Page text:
As is often the case, the public is being pushed into two polarised positions, and this is dangerous. Neither of these positions is correct unfortunately because the people are generally missing the concealed truths as to how the constitution functions. The two positions appear to be broadly as follows:

  • The republicans - who are disgusted by the Royal Family's lack of action or by the association with some hidden dark secrets involving figures like Jimmy Saville et al. Many of these are calling for an end to the monarchy
  • The 'Royalists' who love the Queen and the Royal Family. This love, however, tends towards an idolisation and these people love the pomp and regalia.

Neither of these positions is healthy without the core understanding and purpose of our monarchy and without the understanding of the constitution. The head of state - the monarch, is a critical office. They are the highest public servant in the land and, far from being merely ceremonial in nature, as many claim, have an important job.

What is that job? Put simply, it is to protect the people from government-created law encroaching on their liberties. It's quite simple really!

Did Queen Elizabeth achieve that during her reign? Surely that is the question.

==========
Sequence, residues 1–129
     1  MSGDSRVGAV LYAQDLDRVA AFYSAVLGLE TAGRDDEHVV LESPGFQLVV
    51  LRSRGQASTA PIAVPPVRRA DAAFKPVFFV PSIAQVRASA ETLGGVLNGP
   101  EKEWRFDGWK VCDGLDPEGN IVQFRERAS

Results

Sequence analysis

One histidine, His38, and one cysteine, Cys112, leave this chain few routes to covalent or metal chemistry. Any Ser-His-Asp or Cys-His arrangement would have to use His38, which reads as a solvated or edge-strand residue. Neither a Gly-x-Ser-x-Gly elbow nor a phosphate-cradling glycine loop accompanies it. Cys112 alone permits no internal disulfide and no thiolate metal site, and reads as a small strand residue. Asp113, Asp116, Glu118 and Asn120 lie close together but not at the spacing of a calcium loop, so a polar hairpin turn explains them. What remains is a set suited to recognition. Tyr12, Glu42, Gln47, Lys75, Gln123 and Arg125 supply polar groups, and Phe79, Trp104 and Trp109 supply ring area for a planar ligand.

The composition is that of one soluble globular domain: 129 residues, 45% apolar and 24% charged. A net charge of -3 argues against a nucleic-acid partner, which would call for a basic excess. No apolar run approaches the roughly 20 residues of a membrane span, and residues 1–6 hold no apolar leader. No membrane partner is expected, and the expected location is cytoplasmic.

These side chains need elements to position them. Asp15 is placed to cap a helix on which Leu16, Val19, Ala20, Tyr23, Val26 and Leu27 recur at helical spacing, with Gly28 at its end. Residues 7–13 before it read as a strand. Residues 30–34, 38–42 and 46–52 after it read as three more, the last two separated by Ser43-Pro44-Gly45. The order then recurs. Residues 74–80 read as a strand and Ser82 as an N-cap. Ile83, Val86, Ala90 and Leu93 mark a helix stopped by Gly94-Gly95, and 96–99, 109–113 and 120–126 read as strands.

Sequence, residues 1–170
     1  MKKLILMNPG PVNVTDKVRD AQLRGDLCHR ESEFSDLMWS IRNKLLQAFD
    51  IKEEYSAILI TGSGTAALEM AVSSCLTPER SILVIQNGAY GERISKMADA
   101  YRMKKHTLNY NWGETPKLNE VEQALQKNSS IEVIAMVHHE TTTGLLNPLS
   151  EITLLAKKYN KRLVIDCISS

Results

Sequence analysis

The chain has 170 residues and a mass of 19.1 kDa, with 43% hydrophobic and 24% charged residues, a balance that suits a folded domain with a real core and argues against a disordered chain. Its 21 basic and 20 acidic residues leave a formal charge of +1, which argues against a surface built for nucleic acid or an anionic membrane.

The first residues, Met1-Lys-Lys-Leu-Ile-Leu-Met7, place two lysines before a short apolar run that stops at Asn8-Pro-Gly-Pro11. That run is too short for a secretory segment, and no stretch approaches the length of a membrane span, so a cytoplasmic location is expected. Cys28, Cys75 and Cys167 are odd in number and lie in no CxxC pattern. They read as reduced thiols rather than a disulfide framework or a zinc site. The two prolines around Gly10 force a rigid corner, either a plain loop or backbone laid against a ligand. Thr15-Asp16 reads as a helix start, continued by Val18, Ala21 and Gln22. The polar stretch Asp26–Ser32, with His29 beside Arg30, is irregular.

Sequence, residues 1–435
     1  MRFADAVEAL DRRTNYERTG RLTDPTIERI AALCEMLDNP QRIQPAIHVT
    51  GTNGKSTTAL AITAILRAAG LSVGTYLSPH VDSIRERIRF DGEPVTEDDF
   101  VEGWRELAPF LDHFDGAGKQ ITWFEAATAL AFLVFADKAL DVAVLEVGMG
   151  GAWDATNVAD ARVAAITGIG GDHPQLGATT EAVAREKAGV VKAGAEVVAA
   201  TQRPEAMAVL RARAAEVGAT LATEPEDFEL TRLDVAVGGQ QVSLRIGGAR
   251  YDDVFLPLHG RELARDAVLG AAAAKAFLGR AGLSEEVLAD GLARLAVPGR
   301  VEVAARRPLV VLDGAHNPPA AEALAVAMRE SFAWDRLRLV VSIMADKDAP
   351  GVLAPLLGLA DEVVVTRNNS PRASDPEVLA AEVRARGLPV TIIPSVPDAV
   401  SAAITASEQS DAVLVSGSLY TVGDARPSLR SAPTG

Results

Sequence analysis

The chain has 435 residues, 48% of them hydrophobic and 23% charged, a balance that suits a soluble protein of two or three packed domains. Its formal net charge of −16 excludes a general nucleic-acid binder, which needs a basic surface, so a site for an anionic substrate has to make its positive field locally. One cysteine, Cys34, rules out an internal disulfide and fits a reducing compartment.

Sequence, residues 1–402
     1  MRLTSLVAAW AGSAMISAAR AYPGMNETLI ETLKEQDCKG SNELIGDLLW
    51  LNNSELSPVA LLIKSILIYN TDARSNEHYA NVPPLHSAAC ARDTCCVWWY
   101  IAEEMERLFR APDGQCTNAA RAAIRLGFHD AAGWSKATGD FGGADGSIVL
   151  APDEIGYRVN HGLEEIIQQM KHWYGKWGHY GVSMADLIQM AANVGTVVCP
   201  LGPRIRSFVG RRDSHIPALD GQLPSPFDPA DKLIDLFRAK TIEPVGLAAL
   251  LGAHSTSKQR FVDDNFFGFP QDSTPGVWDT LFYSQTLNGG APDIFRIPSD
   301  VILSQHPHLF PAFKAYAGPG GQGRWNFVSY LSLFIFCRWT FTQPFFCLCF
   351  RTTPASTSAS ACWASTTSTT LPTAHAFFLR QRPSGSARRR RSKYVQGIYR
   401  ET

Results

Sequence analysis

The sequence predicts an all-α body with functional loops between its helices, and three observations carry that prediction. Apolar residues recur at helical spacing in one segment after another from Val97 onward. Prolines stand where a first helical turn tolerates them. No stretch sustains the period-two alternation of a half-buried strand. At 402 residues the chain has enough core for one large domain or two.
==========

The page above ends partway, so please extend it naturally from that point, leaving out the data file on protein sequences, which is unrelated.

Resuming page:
If she did, then she is to be well-respected and loved. If she failed in that regard, then unfortunately (sad though this might be for many), we must stop lying to ourselves and admit that her reign was not positive, as, failing to perform that role has serious consequences.

So what is that role and how should it work?

The monarch of England (now Britain) has the power to decide on the appropriateness of proposed legislation coming from parliament. All legislation must receive Royal Assent if it is to get onto the Statute books.

If those 'laws' (bills coming from parliament) that are put before our monarch are dangerous to the freedoms and liberties of the people or they would in any way be an infringement of our constitution, then the monarch is obligated and required under the authority of the constitution to refuse Royal Assent. It is a protection mechanism against the usurpation of the people's sovereignty.

Sadly, Elizabeth failed to do this on a number of occasions. Not least the Treaty of Nice - which led unlawfully, to the giving away of our sovereign right to our own governance. This was high treason.